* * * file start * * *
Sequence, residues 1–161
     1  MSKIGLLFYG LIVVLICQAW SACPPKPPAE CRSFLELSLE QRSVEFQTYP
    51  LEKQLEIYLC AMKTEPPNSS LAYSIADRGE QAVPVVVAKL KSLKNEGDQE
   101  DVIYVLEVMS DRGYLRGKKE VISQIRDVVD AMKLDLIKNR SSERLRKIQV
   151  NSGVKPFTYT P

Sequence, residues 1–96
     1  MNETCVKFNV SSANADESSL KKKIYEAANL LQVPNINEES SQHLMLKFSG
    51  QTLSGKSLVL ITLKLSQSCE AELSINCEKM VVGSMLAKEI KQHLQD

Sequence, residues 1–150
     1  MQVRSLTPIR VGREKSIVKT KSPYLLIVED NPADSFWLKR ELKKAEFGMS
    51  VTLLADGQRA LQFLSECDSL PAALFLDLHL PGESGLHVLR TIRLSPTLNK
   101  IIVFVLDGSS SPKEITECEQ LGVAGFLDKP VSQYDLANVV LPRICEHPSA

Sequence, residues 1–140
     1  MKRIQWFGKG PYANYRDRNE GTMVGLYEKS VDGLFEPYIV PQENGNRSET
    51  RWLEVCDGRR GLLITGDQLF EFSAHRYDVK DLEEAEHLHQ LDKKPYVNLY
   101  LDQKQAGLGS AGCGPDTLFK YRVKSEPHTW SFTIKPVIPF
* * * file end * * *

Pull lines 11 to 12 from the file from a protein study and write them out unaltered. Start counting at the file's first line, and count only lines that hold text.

    51  VTLLADGQRA LQFLSECDSL PAALFLDLHL PGESGLHVLR TIRLSPTLNK
   101  IIVFVLDGSS SPKEITECEQ LGVAGFLDKP VSQYDLANVV LPRICEHPSA